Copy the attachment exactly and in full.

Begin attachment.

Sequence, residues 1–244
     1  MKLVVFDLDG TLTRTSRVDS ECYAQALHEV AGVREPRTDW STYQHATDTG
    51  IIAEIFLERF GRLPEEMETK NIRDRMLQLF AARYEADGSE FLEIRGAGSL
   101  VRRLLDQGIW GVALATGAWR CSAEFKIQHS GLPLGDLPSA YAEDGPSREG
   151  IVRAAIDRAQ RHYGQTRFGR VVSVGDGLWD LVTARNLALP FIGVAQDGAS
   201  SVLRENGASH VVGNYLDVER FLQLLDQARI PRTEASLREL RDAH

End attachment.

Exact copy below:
Sequence, residues 1–244
     1  MKLVVFDLDG TLTRTSRVDS ECYAQALHEV AGVREPRTDW STYQHATDTG
    51  IIAEIFLERF GRLPEEMETK NIRDRMLQLF AARYEADGSE FLEIRGAGSL
   101  VRRLLDQGIW GVALATGAWR CSAEFKIQHS GLPLGDLPSA YAEDGPSREG
   151  IVRAAIDRAQ RHYGQTRFGR VVSVGDGLWD LVTARNLALP FIGVAQDGAS
   201  SVLRENGASH VVGNYLDVER FLQLLDQARI PRTEASLREL RDAH